PHOENIX, Sept. 13 (UPI) -- A lizard's regenerated tail is not a perfect replica of the original, a finding that may weaken hopes of re-growing human limbs, U.S. researchers say.
Researchers at the University of Arizona said they discovered key anatomical differences when they looked at original and fully regenerated tails in the green anole lizard, which can "drop" its tail when caught by a predator and later grow another.
They found the regenerated tail was supported by a long tube of cartilage rather than the chain of true vertebrae found in the original, and there were differences in the muscles also, NewScientist.com reported.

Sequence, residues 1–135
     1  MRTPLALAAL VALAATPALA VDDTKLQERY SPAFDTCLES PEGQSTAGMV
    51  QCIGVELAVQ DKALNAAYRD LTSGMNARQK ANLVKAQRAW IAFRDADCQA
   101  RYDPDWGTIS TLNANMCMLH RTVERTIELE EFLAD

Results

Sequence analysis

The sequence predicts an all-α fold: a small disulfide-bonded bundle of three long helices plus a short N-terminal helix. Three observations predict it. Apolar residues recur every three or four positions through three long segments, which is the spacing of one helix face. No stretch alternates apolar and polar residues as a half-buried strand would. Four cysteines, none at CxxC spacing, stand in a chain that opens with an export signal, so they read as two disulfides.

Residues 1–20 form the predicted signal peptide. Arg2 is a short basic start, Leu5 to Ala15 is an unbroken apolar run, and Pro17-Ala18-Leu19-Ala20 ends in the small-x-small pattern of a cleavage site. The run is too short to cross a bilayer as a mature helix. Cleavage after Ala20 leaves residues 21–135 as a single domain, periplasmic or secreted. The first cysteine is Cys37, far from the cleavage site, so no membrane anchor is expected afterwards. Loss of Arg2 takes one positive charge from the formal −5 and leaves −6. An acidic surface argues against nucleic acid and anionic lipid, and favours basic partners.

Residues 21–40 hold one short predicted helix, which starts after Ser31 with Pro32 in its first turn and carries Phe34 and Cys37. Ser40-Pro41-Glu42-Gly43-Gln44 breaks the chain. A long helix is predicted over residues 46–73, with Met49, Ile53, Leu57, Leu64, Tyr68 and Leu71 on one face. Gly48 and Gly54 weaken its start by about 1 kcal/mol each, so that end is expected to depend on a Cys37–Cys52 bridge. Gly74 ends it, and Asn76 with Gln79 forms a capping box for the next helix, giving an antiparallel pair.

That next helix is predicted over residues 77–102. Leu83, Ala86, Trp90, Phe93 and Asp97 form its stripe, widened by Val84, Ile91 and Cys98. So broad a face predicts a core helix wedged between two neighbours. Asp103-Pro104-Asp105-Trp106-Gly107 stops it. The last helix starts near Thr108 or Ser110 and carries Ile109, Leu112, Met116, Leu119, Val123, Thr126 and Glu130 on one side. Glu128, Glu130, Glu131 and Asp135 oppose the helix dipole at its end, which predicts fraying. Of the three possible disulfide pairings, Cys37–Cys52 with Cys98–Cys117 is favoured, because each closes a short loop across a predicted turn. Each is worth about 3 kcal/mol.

Both differences suggest that the regenerated tail would be less flexible, Arizona researcher Rebecca Fisher said, and functionally not up to the level of the original tail.
The findings could reduce hopes of eventually regenerating human limbs, scientists said.
"Even in a context that we think of as a 'good' example of regeneration, the regenerated structure is not perfect and functioning as well as the original," Jason Pomerantz, a regenerative medicine researcher at the University of California, San Francisco, said, noting the findings highlight the challenge of regenerating a complicated structure.